In a series of raids in December 1940, Washoe County deputy sheriffs confiscated gambling-related paraphernalia from three Reno, Nevada locations:
1) Bank Club casino
2) Washoe Publishing Company (WPC) (room 311 in the Lyons Building)
3) Western News Company (WNC) (room 15 in the Fordonia Building).
The equipment taken included teletypewriters,* Teleflash** units, telephones, switch boxes, typewriters and a radio. Documents seized were racing forms and sheets, forms for recording wagers, client phone numbers and account records, and more.
Unlawful Business Segment
These three enterprises received and distributed horse racing information — entries, betting odds, parimutuel prices, results and the like — to western United States locales.
The problem was that bookmaking, pool selling (the selling or distribution of chances in a betting pool) and dissemination of horse race data were against Nevada law. All gross misdemeanors, each carried a penalty of a $500 to $1,000 fine ($9,000 to $18,000 today), imprisonment of one to six months or both. Betting on horse races held in Nevada, however, was legal.
Two information streams involving the Reno businesses occurred regularly:
1) Data from the East Coast were teletyped to the Bank Club, which then phoned them to the WPC. From there, they were forwarded to 900 bookmaking/pool selling places in Nevada, California and Washington.
2) Data from the West Coast were teletyped to the WNC, which passed them on to the Bank Club and Reno’s Palace Club. The flow then continued from the Bank Club as with the East Coast info.
Steps to Eradication
Washoe County District Attorney (D.A) Ernest S. Brown filed a charge of illegal distribution of horse racing info against Bank Club Inc. and eight people, including Jack Sullivan and Raymond J. Poncia.
Sullivan (né John D. Scarlett) was the Bank Club manager and co-owner with mobsters William “Bill/Curly” J. Graham and James “Jim/Cinch” C. McKay, who were serving time in the U.S. Penitentiary, Leavenworth in Kansas at the time for conspiracy and using the U.S. mail to perpetrate fraud. Poncia was the casino’s book operator. The other defendants were linked to the WPC and WNC.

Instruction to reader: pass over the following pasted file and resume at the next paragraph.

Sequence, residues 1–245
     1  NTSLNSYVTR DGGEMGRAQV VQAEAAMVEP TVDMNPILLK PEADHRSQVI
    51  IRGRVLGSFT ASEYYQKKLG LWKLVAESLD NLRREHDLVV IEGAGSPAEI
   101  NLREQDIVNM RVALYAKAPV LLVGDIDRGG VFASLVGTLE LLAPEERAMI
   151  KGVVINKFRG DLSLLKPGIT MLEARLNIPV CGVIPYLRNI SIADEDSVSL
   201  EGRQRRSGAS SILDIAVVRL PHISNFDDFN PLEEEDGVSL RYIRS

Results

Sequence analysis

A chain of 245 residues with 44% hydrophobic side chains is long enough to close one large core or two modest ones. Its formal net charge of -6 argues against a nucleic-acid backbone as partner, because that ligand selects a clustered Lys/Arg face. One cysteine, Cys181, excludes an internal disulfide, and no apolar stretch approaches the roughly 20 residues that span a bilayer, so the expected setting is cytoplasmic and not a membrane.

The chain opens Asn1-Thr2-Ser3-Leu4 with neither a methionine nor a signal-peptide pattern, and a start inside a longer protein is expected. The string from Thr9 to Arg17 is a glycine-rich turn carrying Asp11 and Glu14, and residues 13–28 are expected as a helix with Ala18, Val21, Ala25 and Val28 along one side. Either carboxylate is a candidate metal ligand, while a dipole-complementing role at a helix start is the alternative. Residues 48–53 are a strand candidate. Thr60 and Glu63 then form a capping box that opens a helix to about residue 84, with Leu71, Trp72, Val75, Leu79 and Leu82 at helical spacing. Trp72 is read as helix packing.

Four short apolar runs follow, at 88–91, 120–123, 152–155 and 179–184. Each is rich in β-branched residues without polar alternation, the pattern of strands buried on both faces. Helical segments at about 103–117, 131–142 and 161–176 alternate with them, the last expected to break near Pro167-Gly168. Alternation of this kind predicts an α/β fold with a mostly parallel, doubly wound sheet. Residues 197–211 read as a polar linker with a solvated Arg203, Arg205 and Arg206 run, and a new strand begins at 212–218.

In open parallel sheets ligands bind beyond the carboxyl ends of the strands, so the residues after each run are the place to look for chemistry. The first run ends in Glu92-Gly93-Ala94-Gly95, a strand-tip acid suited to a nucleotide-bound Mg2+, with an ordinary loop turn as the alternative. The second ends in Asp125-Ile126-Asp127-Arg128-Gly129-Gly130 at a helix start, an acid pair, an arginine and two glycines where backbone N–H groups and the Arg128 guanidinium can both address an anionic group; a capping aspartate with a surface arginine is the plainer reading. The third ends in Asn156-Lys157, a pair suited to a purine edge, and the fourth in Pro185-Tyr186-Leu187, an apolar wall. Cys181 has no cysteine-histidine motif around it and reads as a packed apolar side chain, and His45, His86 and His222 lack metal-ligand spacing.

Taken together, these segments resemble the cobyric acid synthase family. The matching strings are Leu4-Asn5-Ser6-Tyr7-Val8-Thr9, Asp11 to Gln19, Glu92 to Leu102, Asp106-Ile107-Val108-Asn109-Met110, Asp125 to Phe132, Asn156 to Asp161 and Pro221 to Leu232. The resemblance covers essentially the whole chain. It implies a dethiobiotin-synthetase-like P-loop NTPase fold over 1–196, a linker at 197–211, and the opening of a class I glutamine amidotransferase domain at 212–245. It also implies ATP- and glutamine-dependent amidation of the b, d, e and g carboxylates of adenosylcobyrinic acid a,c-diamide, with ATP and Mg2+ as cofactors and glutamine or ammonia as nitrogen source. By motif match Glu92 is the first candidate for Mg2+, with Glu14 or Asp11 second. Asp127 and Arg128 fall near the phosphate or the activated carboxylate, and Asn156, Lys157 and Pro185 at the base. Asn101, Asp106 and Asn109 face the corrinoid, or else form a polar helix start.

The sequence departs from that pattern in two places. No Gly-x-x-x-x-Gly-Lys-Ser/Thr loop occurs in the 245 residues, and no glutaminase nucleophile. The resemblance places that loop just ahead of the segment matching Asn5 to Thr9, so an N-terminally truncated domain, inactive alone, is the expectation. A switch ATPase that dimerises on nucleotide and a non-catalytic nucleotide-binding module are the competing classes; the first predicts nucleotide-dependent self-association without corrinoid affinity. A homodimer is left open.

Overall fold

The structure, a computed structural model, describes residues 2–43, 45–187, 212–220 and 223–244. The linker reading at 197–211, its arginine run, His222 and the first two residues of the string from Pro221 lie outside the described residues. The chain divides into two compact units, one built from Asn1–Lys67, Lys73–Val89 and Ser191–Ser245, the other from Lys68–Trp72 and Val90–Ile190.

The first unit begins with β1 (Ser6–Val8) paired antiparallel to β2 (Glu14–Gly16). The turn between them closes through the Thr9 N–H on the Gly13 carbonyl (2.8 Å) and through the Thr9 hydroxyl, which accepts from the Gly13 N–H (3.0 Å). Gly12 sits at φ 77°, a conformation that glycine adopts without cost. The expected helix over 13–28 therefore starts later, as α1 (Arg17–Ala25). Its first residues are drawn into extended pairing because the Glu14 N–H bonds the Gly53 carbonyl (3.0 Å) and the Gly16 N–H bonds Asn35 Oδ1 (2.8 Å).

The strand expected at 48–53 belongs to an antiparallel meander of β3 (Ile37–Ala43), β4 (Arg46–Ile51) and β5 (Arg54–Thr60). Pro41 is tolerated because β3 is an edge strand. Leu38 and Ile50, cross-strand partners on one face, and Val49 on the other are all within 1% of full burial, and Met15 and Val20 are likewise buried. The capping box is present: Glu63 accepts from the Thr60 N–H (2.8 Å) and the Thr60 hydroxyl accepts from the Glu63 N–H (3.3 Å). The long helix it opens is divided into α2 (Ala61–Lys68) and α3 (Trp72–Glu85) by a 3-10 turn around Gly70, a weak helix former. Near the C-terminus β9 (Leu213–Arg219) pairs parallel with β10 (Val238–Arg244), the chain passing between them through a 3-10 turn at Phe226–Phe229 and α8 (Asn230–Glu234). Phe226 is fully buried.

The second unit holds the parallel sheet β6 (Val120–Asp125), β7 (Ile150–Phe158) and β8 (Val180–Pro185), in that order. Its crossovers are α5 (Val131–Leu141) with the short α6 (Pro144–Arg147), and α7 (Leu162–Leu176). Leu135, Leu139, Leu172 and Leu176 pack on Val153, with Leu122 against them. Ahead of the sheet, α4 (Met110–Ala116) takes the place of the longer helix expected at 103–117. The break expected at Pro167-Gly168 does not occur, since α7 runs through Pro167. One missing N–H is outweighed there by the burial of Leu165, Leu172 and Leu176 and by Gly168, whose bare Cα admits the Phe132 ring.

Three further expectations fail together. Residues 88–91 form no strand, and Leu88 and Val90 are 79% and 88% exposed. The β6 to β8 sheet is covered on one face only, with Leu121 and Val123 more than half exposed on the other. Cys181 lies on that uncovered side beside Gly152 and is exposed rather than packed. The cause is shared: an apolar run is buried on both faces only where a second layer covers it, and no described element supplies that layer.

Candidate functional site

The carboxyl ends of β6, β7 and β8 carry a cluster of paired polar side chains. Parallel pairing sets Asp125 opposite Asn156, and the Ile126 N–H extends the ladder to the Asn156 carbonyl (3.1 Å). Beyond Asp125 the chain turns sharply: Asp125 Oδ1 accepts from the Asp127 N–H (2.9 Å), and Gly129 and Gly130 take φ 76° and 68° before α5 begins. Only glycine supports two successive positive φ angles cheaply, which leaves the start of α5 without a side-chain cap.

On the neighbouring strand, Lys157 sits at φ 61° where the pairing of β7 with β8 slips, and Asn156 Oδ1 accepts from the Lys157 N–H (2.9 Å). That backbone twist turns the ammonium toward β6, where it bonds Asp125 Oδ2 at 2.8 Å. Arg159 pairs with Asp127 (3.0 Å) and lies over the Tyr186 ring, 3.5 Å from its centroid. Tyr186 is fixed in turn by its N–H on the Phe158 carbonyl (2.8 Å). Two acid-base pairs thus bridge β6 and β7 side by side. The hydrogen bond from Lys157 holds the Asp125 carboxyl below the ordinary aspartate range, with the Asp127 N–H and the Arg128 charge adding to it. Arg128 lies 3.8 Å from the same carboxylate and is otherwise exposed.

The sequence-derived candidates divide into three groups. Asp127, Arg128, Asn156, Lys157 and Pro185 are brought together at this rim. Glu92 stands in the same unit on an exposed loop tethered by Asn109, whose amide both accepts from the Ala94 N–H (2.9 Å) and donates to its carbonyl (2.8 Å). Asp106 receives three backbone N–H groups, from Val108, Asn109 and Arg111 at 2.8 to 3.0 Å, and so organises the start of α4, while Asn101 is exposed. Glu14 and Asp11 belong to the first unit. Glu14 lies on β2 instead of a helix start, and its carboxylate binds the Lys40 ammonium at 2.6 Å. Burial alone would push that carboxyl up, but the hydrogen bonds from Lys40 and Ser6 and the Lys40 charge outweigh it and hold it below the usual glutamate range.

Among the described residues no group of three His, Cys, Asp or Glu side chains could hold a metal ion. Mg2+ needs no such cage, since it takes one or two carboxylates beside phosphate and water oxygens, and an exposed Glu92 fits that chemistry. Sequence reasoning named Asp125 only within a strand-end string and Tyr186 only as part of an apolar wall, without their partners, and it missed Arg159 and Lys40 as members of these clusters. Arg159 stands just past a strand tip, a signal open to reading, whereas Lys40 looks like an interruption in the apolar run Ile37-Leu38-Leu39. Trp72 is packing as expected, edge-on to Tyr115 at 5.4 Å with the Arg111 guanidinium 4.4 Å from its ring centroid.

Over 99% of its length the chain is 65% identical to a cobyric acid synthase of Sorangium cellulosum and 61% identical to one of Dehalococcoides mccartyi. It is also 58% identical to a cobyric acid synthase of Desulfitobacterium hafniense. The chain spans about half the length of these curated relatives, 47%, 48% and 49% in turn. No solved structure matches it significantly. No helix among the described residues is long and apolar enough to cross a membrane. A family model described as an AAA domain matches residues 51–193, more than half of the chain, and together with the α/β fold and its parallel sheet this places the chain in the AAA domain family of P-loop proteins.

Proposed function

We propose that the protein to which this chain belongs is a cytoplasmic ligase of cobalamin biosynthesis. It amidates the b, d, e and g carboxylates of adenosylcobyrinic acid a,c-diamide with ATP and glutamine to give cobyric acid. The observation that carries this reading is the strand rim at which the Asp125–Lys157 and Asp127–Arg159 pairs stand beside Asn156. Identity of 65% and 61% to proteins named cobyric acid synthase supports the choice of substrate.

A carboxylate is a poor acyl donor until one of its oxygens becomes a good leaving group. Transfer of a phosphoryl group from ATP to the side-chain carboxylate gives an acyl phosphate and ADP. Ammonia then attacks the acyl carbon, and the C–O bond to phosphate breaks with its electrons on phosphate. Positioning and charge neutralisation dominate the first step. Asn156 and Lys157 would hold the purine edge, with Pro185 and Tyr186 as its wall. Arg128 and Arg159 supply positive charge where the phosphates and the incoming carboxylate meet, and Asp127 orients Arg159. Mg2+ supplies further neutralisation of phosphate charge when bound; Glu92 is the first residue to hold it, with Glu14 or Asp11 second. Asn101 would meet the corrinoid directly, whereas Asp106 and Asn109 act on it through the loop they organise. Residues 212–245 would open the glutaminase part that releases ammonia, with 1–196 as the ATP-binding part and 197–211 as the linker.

Brown also had phone service to the three entities disconnected and ordered the Bank and Palace Clubs to cease bookmaking immediately due to it being a public nuisance. The gambling houses complied.
The D.A. clarified that the county’s efforts in this regard were to “‘clean up’ a condition which gave Reno a bad name throughout the West,” not to quell horse race wagering, reported the Nevada State Journal (Dec. 2, 1940).
Ultimately, Sullivan and Poncia were arrested but released on $1,000 bail ($18,000 today) apiece.
Revisions of Gambling Law
Roughly a year later, in April 1941, the Nevada Legislature legalized both bookmaking and betting on horse races occurring outside of the state. Once that occurred, the Bank and Palace Clubs restarted their bookmaking operations. Distributing horse race information, however, remained illegal.
The Defendants’ Fate
Later in the month, a hearing took place on the demurrer and motion to dismiss the charges against Sullivan and Poncia filed by their attorneys, George B. Thatcher and William Forman. (A demurrer is a response in a court proceeding in which the defendant acknowledges the truth of the allegation but claims it isn’t sufficient as a cause of legal action.)
Before Judge Benjamin F. Curler Jr. in district court, Forman asserted:
• the facts didn’t constitute a public offense
• the alleged offense fell outside the jurisdiction of Nevada’s Second Judicial District Court
• the horse race info law was unconstitutional in that it encompassed a topic not in the title
• the same law interfered with the freedoms of speech and the press.
Brown countered all of the defense’s points. He requested the judge overrule the demurrer and a preliminary hearing scheduled. Forman then responded to Brown’s arguments.
Six days later, Curler delivered his ruling. He ordered the charge against the two men and Bank Club Inc. be dismissed and the bond they’d paid returned.
* A teletypewriter, teletype for short, was a character printer connected to a telegraph. Teletype also was a brand of teletypewriter.
** Teleflash was the brand name for a system that provided radio-type broadcast programming to commercial entities via telephone lines versus airwaves.